A sweet-‘n-simple look at sibling rivalry and, well, aliens, the Disney Channel’s “Stepsister From Planet Weird” is an innocent fluff job targeted squarely at young femmes who pass notes in homeroom. Wisely staying away from any Afterschool Special seriousness, quickly paced project still offers up an opinion on “being yourself” without hammering home the few poignant points it makes. Telepic isn’t quite out of this world, narratively speaking, but it’s pleasant enough for the Britney Spears set.
It also contains another fine perf from Courtnee Draper, a gifted tyro who stars in the cable web’s original series, “The Jersey.” Her take on a reasonably confident girl is “Stepsister’s” most appealing point and should attract some notice from casting directors who want more from their junior misses than just tube-top beauty.
Life is relatively normal for Megan Larson (Draper), a mature preteen who lives with her brother, Trevor (Myles Jeffrey), and flighty mother, Kathy (Khrystyne Haje).
Her happiness is tested, however, when mom falls in love with Cosmo Cola (Lance Guest), a wide-eyed beach freak who acts like a forty-something jester and hastily proposes marriage.
The only catch? Cosmo and his daughter Ariel (Tamara Hope) are from another world, so things aren’t so easy. And besides, this little contrast cramps Megan’s style, since she now has to make room for someone pret-tier and more popular who occasionally turns into a bubble and uses root beer as brain fuel.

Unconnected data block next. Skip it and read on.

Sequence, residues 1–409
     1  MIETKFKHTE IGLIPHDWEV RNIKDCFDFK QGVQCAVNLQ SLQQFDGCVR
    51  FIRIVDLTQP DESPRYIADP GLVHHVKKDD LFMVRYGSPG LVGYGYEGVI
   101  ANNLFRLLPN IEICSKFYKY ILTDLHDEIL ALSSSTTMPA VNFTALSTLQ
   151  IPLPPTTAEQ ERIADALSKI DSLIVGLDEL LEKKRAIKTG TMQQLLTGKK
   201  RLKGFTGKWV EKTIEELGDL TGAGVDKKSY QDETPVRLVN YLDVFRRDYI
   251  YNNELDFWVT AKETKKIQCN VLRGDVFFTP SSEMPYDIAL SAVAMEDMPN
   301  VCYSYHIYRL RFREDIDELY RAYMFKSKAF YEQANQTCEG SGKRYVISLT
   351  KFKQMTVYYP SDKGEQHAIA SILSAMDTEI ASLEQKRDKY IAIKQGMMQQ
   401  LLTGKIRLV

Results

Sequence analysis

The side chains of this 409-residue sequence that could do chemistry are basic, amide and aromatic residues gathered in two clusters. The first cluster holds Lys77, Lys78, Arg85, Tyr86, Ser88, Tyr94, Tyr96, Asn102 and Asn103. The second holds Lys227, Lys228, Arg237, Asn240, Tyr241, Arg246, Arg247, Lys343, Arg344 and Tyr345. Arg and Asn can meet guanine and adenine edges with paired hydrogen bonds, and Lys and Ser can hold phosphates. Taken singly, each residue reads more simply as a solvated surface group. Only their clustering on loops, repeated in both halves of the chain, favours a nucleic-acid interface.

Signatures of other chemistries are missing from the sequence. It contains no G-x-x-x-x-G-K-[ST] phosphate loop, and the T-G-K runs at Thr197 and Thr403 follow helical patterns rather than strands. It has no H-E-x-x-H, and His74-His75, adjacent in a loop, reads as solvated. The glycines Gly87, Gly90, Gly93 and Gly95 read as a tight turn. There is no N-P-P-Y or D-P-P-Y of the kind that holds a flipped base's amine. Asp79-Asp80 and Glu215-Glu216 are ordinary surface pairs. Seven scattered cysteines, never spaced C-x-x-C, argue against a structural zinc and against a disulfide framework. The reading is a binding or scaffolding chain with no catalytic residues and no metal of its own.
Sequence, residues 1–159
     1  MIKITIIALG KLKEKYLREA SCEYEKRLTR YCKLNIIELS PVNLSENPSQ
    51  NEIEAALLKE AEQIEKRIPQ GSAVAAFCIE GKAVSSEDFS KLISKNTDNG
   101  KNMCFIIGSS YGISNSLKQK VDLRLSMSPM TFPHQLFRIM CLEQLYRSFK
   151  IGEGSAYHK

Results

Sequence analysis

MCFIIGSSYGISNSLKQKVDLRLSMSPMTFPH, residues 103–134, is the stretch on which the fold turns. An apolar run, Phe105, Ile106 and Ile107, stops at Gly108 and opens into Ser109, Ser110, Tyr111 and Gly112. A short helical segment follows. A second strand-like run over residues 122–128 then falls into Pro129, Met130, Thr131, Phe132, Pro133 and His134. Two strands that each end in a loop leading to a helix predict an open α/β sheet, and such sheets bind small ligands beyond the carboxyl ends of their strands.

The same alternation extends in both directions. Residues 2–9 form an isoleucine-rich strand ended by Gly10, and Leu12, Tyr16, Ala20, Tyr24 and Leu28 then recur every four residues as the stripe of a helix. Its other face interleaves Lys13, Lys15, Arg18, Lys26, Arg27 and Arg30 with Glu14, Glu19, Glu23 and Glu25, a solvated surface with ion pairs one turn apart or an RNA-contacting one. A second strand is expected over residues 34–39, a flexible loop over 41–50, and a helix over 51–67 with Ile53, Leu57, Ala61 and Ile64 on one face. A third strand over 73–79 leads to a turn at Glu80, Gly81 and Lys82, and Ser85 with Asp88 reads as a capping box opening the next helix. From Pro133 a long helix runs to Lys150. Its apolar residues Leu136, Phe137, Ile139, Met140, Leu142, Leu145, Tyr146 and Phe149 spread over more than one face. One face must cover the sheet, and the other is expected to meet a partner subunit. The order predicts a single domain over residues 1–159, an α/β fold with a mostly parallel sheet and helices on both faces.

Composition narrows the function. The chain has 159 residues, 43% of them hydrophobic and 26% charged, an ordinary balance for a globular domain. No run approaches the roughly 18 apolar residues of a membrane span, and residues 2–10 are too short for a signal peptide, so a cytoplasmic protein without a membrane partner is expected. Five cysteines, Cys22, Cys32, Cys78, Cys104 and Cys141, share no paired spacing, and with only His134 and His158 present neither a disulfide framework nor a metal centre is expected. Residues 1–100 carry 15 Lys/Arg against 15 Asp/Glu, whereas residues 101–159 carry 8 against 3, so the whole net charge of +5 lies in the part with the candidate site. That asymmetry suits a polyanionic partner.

Despite some initial tugs-of-war with fashion and boys, the two even-tually bond when they first try to stop the approaching wedding but then realize how happy their (very) different parents are. It’s an important lesson in interplanetary camaraderie.
Director Steven Boyum doesn’t get to work with many magical touches here: the effects are low-rent, music is ho-hum, and the Queensland, Aus-tralia, locations are very plain (it’s supposed to be set in southern Califor-nia).
But “Stepsister” definitely has that certain goofy charm that makes so much of Disney’s fare light and likable: everyone smiles, nobody gets hurt, and fantasy looms large. Not even a weak, take-me-to-your-leader ending can undo the small pleasures.
Besides Draper, Hope is perfect as the enigmatic “visitor,” while Haje and Guest (M.I.A., it seems, since 1984’s “The Last Starfighter”) are genuinely tolerant and tempered adults.
Only technical hiccup is the obvious attempt by some locally chosen thesps to perfect American speech patterns; their efforts are hardly convincing.